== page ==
Monday, December 10, 2007

First Christmas Card

When the first Christmas card for the season arrives you know it’s getting closer. This year the first card to reach us was a rather special one. I, like so man other people, have a list (on my PC of course) of cards received and sent. People who fail three years in a row will be struck off our outgoing list. Then again you might forgive some people an oversight due to age or illness for instance. People lose your address, although I always put our address on the back, but there might be other acceptable reasons for failing to send a card.

Our first card this year came from somebody, from whom we did not get any card last year, and with whom we have no other contact. In this case I feared he was no longer with us, and I will tell you why.

Five years ago I was hospitalised for four weeks and next to me on this ward was an elderly gentleman who had been there for some time when I was admitted, and who was there for some time after I had been discharged. We were both seriously ill but I was going through some testing and he was waiting for a certain procedure to which there was a long waiting list. He had to stay in hospital not to get pushed down the list into another category. You have heard of the British NHS (National Health Service) I guess. It has not exactly got a reputation for speed and efficiency, to put it mildly.

Both he and I had soon slid into this institutionalised state of mind, living by the hospital routines and procedures. Breakfast, lunch, afternoon coffee, dinner and visitors – day in, day out. I soon got tired of the hospital food, which might not surprise you, but there was a break in the pattern when Devi, my bed neighbour, offered me some of his food that his family had brought him. He and his family are Sikh and were among the people whom Idi Amin expelled from Uganda many years ago. They regularly brought spicy and interesting food and were all very friendly, his wife, his adult children and other relatives. They always had a little chat with me and Mrs S if she was there, before sitting down by Devi’s bed. Often the women were dressed in traditional, colourful Indian dresses, brightening up the whole ward. Devi’s daughter even flirted with me in the presence of Mrs S! I was flattered.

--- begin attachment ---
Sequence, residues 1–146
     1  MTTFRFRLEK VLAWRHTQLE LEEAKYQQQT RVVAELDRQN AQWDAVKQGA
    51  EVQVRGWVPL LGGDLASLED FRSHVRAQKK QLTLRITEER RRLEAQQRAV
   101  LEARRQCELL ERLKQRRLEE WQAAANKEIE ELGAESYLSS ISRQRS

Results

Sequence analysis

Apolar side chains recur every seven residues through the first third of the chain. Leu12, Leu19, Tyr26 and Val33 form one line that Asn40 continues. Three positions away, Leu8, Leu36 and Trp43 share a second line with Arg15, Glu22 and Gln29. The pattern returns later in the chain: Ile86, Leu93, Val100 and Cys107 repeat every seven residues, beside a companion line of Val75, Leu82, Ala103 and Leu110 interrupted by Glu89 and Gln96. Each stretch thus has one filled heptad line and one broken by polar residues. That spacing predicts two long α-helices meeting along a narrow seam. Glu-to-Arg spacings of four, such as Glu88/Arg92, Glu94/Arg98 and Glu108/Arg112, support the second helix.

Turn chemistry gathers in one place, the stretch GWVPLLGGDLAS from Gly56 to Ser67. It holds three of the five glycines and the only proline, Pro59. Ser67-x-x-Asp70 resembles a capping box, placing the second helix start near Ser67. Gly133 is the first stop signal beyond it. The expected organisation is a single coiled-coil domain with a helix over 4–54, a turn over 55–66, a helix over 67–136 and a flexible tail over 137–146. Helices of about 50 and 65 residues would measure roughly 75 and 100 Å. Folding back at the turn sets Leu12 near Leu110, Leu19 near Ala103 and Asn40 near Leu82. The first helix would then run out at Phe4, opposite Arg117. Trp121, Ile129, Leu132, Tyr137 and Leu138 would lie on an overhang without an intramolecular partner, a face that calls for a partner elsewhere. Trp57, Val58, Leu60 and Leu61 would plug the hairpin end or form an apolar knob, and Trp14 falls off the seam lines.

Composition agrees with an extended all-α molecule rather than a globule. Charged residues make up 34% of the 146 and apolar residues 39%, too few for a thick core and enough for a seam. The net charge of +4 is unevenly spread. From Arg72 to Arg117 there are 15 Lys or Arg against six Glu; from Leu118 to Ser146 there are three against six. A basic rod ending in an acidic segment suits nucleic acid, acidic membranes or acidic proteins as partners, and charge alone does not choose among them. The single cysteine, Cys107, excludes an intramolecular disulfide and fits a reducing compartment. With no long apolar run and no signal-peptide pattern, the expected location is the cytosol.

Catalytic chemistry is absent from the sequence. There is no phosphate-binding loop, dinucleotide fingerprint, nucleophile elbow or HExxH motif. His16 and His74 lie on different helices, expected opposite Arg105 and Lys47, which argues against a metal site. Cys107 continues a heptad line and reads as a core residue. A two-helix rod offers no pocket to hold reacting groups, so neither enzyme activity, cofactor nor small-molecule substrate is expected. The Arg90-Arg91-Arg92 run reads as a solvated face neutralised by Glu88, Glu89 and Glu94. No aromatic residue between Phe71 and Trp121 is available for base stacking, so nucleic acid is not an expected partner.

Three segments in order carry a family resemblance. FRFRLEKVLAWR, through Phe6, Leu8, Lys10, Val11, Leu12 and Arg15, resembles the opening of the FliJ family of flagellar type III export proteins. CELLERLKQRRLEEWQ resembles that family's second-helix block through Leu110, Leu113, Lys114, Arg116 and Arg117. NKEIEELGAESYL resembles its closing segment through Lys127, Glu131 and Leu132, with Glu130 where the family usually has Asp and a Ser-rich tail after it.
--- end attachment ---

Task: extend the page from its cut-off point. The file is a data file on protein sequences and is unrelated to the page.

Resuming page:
We heard from the nurses on the ward, when we came to visit Devi after I had been discharged, that he had left the previous day. We never had the opportunity to take up his offer of visiting them since we moved to Germany shortly afterwards, but we kept up our exchange of Christmas cards.

Last year we feared Devi was no longer with us since we did not get the customary card. I had even been thinking about writing to inquire about his health. So to get this card as the first of the season was a wonderful moment. For a non-religious person to get a Christmas card from a person of the Sikh faith is perhaps unusual, but this one in particular certainly warmed my soul. Call me sentimental if you like, I don’t care!

1 comment:

Eric Valentine said...

That was a nice interesting post Swen, very enjoyable reading.

I remember the NHS, briefly and now being in Canada, I have to say over here isn't much of an improvement. :)

I do hope both you and your friend Devi, are well and stay that way ~ After all, there is nothing wrong with a little bit of sentimentality my friend.

A very Merry Christmas to you & Mrs S. :)